An initiative from the Knowledge Exchange Network (KEN) aims to give Scottish businesses a head start developing offshore wind products and services by accessing academic expertise.
The Energy Technology Partnership (ETP) is an alliance of 13 Scottish universities offering world-class capability and resources in energy technology development. Through KEN, funded by Scottish Enterprise and Highlands and Islands Enterprise, it provides Scottish technology developers with access to the nation’s leading academics and researchers.
The scheme encourages entrepreneurs and developers from other industries to bring their innovative ideas and technologies to the table, particularly those at the early stages of development, and encourages bids from smaller businesses that lack inhouse development skills. The programme will take successful applicants from feasibility studies and modelling right through to testing and validation for the next stage of development.
The Offshore Renewable Energy (ORE) Catapult will help identify the brightest ideas and ways of commercialising them.
ORE Catapult business development lead for wind Alex Louden believes that today’s ‘first-footers’ in technology development will be in pole position to exploit the global offshore wind market opportunities.
“We are living through one of the biggest energy transitions in human history. Wind energy has gone from almost zero to a multi-billion pound industry in the UK in just a few decades. Like the first Gold Rush or oil pioneers, those with the spark and invention to get into the industry now will live to see this market boom in the coming decades.
“Some of the ideas we have taken through the ETP have started out as sketches or almost back-garden experiments. Others are game-changers from the country’s larger manufacturers. Where you start from is not important, what we are looking for are ingenious ideas that can tackle some of the industry’s key technology challenges.”
One company to have benefited from the scheme is Argyll-based Renewable Parts, founded by entrepreneur Ewan Anderson in 2011. Renewable Parts identified a gap in the market of a lack of a reliable and sustainable system for sourcing spare parts for windfarms. The angle he chose was ingeniously green – refurbishing old parts instead of sourcing new ones, which also helps the industry keep its costs down.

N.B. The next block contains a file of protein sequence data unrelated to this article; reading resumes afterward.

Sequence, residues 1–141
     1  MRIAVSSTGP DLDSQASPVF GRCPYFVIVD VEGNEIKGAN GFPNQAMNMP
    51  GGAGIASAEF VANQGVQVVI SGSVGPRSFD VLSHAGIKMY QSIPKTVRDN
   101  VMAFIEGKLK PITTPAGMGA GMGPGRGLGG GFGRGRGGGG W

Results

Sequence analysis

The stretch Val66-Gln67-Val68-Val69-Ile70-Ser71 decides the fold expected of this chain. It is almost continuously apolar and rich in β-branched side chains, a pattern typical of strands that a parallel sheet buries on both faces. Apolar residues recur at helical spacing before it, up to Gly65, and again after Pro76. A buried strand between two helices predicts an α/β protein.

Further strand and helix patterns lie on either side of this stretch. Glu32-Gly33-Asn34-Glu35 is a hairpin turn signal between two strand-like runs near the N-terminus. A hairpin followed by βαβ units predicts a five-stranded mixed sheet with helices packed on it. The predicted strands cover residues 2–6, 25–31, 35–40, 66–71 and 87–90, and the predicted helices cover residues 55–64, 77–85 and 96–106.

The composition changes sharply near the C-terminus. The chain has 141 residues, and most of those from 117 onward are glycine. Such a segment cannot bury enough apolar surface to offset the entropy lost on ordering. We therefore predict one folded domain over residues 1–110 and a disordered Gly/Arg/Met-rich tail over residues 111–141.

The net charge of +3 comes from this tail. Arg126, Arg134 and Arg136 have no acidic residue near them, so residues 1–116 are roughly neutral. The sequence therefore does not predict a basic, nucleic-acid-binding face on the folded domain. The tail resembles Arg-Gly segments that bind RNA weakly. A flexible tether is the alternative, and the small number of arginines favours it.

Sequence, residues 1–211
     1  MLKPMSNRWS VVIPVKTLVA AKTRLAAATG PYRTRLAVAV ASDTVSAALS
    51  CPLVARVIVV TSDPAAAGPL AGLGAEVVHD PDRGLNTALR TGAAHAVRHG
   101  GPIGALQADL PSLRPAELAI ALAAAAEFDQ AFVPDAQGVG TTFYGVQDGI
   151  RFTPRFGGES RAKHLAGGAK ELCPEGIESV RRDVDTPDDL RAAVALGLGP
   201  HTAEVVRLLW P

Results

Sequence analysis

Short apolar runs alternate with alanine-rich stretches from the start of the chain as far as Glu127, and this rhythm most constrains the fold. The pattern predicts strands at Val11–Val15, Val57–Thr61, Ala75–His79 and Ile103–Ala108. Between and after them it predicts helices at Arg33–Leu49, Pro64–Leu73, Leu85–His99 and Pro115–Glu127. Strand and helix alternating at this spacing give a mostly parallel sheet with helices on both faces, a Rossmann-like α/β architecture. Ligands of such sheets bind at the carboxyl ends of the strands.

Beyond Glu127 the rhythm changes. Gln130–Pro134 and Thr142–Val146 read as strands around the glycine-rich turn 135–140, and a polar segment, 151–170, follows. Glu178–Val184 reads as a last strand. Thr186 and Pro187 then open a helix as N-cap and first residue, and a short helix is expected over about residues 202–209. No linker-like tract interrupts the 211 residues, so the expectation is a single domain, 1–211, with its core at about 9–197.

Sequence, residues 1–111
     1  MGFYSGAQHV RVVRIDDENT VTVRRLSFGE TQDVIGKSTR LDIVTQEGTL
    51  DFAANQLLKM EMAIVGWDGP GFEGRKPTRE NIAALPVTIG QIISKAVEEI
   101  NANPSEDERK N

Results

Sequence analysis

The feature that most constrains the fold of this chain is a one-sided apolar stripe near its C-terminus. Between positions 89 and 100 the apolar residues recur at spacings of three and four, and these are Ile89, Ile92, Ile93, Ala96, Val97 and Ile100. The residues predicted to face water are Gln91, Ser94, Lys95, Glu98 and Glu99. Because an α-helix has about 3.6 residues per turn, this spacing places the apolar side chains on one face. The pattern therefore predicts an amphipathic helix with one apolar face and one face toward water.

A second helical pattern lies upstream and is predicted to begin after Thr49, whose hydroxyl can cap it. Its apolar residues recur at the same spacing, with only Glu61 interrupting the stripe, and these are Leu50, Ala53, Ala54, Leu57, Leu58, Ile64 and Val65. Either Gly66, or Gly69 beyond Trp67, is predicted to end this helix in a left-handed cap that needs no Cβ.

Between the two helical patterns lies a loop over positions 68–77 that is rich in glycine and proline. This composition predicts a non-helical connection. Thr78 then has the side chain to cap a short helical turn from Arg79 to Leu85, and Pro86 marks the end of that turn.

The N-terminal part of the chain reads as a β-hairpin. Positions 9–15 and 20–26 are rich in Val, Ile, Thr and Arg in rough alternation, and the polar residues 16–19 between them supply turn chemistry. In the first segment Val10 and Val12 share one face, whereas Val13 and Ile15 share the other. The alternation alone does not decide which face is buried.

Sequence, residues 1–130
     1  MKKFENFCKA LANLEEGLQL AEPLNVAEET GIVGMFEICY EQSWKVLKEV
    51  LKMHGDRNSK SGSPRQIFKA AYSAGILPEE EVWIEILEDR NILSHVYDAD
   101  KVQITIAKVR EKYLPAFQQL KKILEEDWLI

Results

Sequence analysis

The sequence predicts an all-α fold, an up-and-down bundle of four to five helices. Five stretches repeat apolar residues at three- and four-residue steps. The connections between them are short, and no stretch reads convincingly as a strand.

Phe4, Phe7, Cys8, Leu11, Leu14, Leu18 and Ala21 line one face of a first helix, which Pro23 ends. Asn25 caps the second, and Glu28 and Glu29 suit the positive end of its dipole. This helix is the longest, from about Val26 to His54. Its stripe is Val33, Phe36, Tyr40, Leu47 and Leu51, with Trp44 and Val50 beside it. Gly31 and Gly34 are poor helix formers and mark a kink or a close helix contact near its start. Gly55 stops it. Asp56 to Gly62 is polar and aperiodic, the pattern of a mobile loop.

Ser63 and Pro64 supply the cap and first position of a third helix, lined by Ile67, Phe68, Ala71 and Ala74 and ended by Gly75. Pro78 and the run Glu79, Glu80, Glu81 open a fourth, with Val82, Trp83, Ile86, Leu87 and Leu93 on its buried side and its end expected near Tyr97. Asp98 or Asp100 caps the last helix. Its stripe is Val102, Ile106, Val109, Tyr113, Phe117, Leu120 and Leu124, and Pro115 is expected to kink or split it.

Renewable Parts received a grant from the ETP and was teamed up with experts in electrics and electronics at the University of Strathclyde, who could help him identify the parts that could be refurbished and sold commercially, as well as conducting an indepth feasibility study.
The company now provides parts to the industry from its Refurbishment Centre in Argyll and secondary facilities in Renfrewshire. They are multiple award-winners for innovation, carbon reduction and business excellence.
ETP project manager Brian Cross highlighted the fact that opportunities to enter the sector are spreading to non-engineering companies too. “The industry’s drive to continued cost reduction means that it makes sense to bring in proven technologies from other industries, rather than always inventing solutions from scratch. Robotics, data and digital innovations are the new frontiers in renewable energy today,” he explained.
“The sheer scale of wind projects can be daunting, particularly to smaller and newer companies. The ETP programme is here to provide the skills, scale-up and commercial insight they need. There are also enormous benefits for the participating universities – being able to apply the latest research direct to working prototypes and products helps cement Scotland’s reputation as the go-to location for innovation globally.”